When a company treats rare diseases, with very few patients, revenue can be pretty wonky from quarter to quarter as inventory levels can have a major effect on revenue. Still, BioMarin Pharmaceutical (NASDAQ:BMRN) is looking pretty healthy when you dig a little deeper.

For instance, one of its drugs, Aldurazyme, is sold by Genzyme (NASDAQ:GENZ), which recorded a year-over-year sales increase of 5.5%. BioMarin, which manufactures the drug, actually recorded lower year-over-year revenue from Aldurazyme because it transferred less inventory to Genzyme. The key number, though, is the volume of the drug that was dispensed, which increased 11.6% year over year.

It's the opposite story with Kuvan, albeit with one less middleman. Sales increased 28.4% between the second and third quarters of this year, but dispensing of the drug increased 8.5% quarter over quarter as specialty pharmacies built back up inventory.

Growth in revenue from individual drugs will probably always be choppy, but the volatility of total revenue might decrease a little as the company continues to launch new drugs. Earlier this week, BioMarin bought a company with an almost-approved drug, and it also has two drugs in midstage development. Normally that would mean they're still years away from approval, but because of the orphan-drug status, it's likely that BioMarin should be able to get phase 3 trials done relatively quickly if the phase 2 trials are a success next year.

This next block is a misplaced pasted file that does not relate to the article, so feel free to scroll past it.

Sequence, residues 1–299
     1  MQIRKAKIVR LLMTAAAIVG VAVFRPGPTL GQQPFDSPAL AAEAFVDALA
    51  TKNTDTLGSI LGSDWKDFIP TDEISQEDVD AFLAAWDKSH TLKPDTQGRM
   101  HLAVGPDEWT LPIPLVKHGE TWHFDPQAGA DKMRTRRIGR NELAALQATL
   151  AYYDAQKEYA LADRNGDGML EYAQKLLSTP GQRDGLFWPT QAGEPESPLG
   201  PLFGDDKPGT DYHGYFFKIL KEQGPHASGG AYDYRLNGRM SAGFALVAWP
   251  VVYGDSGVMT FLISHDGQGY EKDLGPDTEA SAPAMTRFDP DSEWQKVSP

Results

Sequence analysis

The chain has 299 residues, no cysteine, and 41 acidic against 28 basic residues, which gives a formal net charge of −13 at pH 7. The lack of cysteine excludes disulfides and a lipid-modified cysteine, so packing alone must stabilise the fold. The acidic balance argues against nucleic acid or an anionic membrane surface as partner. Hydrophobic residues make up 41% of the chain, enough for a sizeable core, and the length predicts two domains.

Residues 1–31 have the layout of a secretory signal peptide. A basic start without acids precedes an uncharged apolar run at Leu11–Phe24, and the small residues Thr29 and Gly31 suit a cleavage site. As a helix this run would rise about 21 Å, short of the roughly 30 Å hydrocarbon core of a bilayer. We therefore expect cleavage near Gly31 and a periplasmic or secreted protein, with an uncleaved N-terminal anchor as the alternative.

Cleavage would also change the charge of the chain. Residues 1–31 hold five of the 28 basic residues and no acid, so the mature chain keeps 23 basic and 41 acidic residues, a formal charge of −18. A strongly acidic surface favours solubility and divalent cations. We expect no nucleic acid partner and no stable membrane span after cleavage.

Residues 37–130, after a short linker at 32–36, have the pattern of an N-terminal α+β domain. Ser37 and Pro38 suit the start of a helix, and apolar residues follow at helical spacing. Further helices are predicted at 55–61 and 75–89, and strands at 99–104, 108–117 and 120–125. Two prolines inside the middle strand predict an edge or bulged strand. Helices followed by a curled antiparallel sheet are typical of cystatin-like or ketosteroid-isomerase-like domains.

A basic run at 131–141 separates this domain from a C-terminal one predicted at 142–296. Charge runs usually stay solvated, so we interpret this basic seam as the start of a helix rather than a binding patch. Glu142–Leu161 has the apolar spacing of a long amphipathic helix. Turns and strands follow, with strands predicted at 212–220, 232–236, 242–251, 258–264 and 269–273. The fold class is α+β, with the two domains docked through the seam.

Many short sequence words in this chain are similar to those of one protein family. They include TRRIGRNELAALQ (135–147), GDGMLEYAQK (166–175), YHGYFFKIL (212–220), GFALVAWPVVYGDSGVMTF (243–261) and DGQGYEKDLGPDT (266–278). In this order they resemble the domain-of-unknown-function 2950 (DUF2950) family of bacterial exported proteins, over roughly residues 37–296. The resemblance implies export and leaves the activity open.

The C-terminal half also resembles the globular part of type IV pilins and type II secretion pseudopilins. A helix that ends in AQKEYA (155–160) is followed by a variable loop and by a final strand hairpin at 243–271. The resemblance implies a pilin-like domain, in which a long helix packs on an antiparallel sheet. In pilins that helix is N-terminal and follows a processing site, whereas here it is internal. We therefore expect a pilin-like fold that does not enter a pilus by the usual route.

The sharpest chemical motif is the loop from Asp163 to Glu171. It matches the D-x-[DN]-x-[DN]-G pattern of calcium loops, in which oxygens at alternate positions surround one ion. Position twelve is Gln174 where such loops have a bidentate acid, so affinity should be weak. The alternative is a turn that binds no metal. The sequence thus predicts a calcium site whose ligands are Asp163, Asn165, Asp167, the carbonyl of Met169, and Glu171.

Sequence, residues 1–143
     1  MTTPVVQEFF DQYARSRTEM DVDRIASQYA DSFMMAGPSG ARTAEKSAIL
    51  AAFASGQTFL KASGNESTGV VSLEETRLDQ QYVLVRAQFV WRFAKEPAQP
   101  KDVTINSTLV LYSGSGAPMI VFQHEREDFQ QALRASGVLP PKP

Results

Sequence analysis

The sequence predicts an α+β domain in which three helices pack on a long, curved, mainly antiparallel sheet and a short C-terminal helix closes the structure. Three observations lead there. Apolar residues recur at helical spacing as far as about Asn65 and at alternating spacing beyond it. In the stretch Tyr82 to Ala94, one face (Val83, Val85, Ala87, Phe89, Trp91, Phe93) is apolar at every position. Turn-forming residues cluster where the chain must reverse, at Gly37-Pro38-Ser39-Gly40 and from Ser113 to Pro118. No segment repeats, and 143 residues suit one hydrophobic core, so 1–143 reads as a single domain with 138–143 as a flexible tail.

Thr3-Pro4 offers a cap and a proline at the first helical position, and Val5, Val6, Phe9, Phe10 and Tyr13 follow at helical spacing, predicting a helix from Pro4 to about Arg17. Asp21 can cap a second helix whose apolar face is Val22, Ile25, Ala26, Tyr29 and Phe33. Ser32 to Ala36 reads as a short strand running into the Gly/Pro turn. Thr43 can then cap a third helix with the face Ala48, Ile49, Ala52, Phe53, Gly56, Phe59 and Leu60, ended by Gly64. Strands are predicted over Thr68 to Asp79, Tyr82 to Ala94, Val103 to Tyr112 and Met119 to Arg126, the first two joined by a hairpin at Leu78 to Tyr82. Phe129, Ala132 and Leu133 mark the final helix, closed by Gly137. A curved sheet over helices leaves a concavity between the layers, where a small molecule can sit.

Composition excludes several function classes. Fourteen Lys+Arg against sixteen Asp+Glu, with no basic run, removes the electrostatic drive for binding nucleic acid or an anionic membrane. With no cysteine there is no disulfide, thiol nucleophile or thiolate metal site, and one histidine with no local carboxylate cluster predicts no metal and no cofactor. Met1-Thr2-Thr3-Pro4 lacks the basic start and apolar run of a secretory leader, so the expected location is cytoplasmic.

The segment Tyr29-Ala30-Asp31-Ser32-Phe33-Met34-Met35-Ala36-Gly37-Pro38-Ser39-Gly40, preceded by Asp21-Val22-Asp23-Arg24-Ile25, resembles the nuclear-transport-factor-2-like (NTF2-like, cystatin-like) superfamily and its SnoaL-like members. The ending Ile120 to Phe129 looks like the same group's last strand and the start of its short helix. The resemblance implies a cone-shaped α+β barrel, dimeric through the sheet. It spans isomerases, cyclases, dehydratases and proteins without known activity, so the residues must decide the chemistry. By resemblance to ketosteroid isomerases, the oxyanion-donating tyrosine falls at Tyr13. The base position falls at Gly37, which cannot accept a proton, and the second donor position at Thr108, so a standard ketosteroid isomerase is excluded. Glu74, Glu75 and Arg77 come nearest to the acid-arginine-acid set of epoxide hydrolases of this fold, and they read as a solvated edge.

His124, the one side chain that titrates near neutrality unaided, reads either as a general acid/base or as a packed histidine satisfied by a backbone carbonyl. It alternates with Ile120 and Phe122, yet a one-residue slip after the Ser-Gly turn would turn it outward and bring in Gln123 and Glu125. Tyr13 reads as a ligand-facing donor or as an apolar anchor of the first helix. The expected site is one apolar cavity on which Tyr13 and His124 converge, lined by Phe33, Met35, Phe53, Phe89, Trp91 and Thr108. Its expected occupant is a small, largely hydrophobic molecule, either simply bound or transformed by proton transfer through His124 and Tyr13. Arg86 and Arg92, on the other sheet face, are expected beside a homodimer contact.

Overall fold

BioMarin is also working on a monitor for patients who have phenylketonuria (PKU), the disease that Kuvan treats. The monitor uses some of the same technology that glucose monitors from Abbott Labs (NYSE:ABT) and Johnson & Johnson (NYSE:JNJ) use, but monitors phenylalanine levels which are too high in PKU patients. In addition to supplying revenue, the monitor should increase sales of Kuvan, as it'll make it easier for patients to stay on the drug.

Revenue could also increase through acquisitions, as management mentioned that other deals are in the works. But it's not likely that BioMarin is going to overpay. CEO J.J. Bienaime said: "If the price gets out of control, we generally stop bidding, and we have done that in the past," letting competitors overpay for those assets.

I'm sure BioMarin's investors are pretty happy it did.

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Fool contributor Brian Orelli, Ph.D., doesn't own shares of any company mentioned in this article. Johnson & Johnson is a selection of the Income Investor newsletter. The Fool has a disclosure policy.